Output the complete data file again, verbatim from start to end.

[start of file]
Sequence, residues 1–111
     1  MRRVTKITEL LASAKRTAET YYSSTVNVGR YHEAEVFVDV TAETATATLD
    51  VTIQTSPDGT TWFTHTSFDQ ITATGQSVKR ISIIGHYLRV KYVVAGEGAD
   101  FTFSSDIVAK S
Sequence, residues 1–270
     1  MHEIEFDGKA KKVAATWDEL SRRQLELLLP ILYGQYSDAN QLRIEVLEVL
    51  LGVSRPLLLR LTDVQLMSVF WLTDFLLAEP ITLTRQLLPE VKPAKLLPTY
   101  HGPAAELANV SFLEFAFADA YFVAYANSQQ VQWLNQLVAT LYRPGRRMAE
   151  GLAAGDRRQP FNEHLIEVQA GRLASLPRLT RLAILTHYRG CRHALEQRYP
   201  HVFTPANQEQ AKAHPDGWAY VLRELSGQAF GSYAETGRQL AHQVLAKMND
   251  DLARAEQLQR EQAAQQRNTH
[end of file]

Sequence, residues 1–111
     1  MRRVTKITEL LASAKRTAET YYSSTVNVGR YHEAEVFVDV TAETATATLD
    51  VTIQTSPDGT TWFTHTSFDQ ITATGQSVKR ISIIGHYLRV KYVVAGEGAD
   101  FTFSSDIVAK S
Sequence, residues 1–270
     1  MHEIEFDGKA KKVAATWDEL SRRQLELLLP ILYGQYSDAN QLRIEVLEVL
    51  LGVSRPLLLR LTDVQLMSVF WLTDFLLAEP ITLTRQLLPE VKPAKLLPTY
   101  HGPAAELANV SFLEFAFADA YFVAYANSQQ VQWLNQLVAT LYRPGRRMAE
   151  GLAAGDRRQP FNEHLIEVQA GRLASLPRLT RLAILTHYRG CRHALEQRYP
   201  HVFTPANQEQ AKAHPDGWAY VLRELSGQAF GSYAETGRQL AHQVLAKMND
   251  DLARAEQLQR EQAAQQRNTH